5 Facts you should know about how R&D tax credits can support your client’s business

R&D tax credits are a huge boon for businesses of all sizes in the UK. As your client’s accountant, however, it is important to know exactly how R&D tax credits support companies.

Financial assistance is especially important in current times. As the economy continues to recover from the effects of the Covid-19 pandemic, many businesses still require support. Continue reading to find out what your client is potentially missing out on.

How R&D tax credits work

In order to encourage UK businesses to invest in R&D projects, HMRC offers R&D tax credits as a form of financial incentive. To this end, R&D tax credits provide a refund on Corporation Tax, a cash credit, or a combination of the two. The extent of this monetary benefit is based directly on the company’s qualifying R&D expenditure.

For small to medium-sized businesses there is the SME scheme. Applying to this will allow your client to claim back anywhere up to 33% of their R&D costs. For large companies, the RDEC scheme provides a maximum benefit of 13%. 

It is important to note here that the support offered by R&D tax credits comes as a percentage of qualifying R&D costs. This means the more R&D work your client undertakes, the more benefit they will receive. Additionally, being able to accurately identify all of your client’s R&D costs will ensure their claim is maximised. So far, £3bn has been confirmed as being claimed during 2018/9 through the SME scheme, with £2.4bn of relief being given through the RDEC. This data is still being collected and as such, the ONS estimates that the total R&D tax credit benefit for 2018/9 will be around £6.3bn.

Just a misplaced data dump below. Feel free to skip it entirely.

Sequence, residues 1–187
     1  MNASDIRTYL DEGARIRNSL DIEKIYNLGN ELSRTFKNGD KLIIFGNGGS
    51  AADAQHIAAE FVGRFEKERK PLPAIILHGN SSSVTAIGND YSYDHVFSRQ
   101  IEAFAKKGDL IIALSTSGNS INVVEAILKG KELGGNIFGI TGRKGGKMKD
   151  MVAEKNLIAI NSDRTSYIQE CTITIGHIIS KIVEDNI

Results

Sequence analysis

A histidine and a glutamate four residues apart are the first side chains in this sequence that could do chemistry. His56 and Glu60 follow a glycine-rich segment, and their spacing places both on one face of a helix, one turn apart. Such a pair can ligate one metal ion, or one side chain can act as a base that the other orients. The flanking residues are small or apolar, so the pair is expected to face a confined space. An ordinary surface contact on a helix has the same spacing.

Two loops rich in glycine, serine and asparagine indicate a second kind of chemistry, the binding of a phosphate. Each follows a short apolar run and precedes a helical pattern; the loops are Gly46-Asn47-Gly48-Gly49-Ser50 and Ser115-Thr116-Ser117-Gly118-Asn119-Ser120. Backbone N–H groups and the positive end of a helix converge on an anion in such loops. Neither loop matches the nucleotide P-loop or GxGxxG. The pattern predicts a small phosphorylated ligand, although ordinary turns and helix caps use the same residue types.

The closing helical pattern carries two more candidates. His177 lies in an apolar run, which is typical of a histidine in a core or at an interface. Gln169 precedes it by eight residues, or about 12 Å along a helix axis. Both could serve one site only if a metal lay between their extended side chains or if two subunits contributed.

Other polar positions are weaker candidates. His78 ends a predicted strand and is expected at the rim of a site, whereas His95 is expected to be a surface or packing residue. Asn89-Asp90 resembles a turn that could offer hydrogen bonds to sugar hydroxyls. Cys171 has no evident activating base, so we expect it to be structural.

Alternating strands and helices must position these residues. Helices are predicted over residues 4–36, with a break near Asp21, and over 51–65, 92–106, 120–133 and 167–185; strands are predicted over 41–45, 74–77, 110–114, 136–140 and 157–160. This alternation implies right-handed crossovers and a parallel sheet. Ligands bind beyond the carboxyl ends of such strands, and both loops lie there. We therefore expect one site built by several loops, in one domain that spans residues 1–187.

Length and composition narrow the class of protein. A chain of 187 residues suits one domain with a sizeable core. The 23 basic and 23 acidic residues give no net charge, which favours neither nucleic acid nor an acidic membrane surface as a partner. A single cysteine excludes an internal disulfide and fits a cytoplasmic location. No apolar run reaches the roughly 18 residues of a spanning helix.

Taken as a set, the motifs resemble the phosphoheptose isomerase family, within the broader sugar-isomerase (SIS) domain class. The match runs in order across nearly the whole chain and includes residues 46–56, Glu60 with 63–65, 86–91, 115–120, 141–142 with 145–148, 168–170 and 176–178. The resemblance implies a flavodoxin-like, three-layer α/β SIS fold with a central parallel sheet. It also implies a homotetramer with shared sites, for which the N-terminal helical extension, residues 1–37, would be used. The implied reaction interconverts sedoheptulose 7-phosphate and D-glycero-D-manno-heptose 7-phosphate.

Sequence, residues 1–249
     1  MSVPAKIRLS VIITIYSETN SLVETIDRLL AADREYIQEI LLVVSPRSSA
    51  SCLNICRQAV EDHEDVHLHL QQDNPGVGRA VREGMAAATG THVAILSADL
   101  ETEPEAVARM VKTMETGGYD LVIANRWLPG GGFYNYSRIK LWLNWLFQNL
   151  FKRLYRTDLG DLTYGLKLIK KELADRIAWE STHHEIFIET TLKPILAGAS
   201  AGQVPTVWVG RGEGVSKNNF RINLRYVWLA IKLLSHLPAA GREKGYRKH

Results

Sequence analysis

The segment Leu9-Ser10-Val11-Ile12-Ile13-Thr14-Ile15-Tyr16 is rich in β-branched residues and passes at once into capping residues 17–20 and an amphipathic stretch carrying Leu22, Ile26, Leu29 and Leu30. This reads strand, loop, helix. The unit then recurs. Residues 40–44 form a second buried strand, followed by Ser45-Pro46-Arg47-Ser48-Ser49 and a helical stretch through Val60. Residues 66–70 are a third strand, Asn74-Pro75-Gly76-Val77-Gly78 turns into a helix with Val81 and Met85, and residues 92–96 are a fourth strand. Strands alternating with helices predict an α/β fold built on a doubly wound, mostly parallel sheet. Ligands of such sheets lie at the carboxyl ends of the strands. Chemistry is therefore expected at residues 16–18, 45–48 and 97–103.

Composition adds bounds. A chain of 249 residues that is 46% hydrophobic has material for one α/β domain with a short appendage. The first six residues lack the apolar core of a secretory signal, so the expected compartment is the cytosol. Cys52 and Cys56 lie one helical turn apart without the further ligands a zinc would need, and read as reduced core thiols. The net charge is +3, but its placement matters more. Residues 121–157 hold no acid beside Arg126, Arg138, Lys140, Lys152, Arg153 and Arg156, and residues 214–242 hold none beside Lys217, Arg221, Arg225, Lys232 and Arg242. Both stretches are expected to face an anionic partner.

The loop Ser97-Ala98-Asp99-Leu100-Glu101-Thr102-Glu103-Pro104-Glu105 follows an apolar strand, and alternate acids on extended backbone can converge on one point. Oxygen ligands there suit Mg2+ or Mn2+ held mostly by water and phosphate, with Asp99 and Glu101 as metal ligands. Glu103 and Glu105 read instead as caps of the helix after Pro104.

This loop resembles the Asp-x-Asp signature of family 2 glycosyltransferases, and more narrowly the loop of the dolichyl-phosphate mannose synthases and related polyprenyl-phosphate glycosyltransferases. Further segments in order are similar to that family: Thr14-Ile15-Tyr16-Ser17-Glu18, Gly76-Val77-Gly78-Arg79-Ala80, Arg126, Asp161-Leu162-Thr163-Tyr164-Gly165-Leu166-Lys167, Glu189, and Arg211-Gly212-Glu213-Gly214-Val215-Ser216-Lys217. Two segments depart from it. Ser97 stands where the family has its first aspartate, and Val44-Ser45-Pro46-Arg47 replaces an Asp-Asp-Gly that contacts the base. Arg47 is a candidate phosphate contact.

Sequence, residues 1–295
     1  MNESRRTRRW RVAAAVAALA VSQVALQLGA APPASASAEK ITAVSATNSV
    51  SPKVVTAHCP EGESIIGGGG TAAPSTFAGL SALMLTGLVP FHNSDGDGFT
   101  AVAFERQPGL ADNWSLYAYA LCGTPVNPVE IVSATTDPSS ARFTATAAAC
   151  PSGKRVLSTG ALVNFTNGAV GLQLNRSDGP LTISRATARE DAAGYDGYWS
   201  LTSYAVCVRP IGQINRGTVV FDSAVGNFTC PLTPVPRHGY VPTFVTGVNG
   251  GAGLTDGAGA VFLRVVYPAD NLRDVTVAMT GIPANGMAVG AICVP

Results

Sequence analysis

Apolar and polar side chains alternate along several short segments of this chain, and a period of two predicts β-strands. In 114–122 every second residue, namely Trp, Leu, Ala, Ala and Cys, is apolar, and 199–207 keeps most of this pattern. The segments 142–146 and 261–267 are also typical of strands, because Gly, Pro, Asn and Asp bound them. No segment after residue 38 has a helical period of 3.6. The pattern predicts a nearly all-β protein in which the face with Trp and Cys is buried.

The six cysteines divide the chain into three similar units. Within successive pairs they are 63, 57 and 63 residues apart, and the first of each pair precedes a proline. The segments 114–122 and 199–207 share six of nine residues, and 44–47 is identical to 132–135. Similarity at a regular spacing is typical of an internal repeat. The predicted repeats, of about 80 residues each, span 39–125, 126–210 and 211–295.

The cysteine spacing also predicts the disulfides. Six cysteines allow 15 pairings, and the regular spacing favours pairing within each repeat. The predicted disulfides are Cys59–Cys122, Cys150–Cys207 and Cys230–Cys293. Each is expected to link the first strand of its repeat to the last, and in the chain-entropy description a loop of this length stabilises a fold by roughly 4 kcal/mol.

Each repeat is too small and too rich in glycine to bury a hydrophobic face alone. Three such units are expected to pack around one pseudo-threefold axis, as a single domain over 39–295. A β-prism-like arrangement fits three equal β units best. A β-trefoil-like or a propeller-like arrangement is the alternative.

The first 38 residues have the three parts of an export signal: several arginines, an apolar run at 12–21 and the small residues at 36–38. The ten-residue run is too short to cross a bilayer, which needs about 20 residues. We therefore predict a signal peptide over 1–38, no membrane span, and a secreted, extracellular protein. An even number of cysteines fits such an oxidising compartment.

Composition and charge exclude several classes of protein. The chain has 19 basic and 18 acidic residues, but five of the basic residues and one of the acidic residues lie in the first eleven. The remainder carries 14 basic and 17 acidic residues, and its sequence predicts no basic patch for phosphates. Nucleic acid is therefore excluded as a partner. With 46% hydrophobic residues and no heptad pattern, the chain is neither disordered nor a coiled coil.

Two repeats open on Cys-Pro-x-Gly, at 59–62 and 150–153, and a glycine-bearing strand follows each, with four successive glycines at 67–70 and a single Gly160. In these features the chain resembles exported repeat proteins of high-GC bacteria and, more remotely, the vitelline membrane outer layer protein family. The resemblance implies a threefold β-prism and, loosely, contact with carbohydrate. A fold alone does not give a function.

Read about the types of work that qualifies as R&D.

Ways R&D tax credits support businesses

  1. Growth and expansion. R&D tax credits have consistently been claimed more by small and medium-sized businesses than large companies. This is because R&D tax credits offer a form of income outside of traditional business means. As such, R&D tax credits are often complementary to young businesses, or small companies looking to expand. It supports them in this instance by improving business cash flow. This is a critical area of support for businesses looking to expand, as output often exceeds input when making levelling up purchases. This is particularly true for startups, who are often faced with many unforeseen costs to boot. Read more about the cash flow benefits of R&D tax credits.
  2. The creation of an innovation cycle. Savvy business leaders and accountants can make the benefits of R&D tax credits go the extra mile by reinvesting them in the company. In this way, the initial investment in R&D can generate R&D benefits over and over again for little extra investment. This is because these subsequent R&D projects themselves generate more benefit through R&D tax credits. The end result is a self-generating cycle of innovation supported by R&D tax credits. All the while, your client’s business, product and processes are becoming more efficient. Here are some of the ways businesses can reinvest the money received from R&D tax credits: